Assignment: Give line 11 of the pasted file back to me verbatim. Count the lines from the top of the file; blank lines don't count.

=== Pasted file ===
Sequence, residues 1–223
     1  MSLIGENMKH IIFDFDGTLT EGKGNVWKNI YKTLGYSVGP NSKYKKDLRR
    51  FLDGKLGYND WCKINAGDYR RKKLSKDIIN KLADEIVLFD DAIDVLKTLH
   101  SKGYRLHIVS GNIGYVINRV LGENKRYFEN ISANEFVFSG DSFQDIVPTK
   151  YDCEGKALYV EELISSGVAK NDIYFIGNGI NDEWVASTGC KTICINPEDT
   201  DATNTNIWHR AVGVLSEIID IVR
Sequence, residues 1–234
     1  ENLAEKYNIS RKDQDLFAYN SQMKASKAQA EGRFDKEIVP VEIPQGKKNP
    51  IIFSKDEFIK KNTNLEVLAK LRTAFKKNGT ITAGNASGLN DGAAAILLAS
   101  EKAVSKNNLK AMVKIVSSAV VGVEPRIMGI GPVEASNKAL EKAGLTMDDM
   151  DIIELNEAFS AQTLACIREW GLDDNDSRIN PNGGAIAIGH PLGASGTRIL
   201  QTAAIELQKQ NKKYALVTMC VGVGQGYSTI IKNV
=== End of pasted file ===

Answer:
   151  DIIELNEAFS AQTLACIREW GLDDNDSRIN PNGGAIAIGH PLGASGTRIL